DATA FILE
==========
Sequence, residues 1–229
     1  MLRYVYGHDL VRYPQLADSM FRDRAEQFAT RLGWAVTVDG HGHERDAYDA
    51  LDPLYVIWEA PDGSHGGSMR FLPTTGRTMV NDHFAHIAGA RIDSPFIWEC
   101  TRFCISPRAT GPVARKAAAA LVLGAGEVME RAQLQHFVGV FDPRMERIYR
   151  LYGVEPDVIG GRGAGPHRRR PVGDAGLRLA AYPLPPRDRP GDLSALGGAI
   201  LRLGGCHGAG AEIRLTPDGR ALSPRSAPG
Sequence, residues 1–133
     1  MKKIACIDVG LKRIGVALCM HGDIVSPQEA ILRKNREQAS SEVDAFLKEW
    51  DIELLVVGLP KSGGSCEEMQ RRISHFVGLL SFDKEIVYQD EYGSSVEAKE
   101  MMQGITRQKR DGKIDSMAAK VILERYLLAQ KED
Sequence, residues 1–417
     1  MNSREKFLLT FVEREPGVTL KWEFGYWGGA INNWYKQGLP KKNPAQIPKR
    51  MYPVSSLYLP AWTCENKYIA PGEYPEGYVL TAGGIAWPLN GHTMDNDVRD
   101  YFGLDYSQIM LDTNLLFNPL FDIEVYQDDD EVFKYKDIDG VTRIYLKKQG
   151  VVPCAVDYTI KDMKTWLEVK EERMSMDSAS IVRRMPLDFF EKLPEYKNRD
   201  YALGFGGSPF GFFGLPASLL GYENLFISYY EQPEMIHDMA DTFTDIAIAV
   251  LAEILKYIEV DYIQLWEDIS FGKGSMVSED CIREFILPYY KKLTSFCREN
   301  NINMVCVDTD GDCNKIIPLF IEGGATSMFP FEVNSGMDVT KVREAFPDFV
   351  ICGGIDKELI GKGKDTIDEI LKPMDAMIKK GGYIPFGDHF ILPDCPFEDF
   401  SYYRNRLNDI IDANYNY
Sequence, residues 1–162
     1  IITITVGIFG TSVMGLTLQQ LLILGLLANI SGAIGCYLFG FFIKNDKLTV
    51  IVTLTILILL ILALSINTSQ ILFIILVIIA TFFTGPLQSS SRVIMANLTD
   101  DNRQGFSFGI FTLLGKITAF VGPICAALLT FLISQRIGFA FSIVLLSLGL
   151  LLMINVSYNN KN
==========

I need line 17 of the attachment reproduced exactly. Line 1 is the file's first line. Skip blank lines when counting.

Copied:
   251  LAEILKYIEV DYIQLWEDIS FGKGSMVSED CIREFILPYY KKLTSFCREN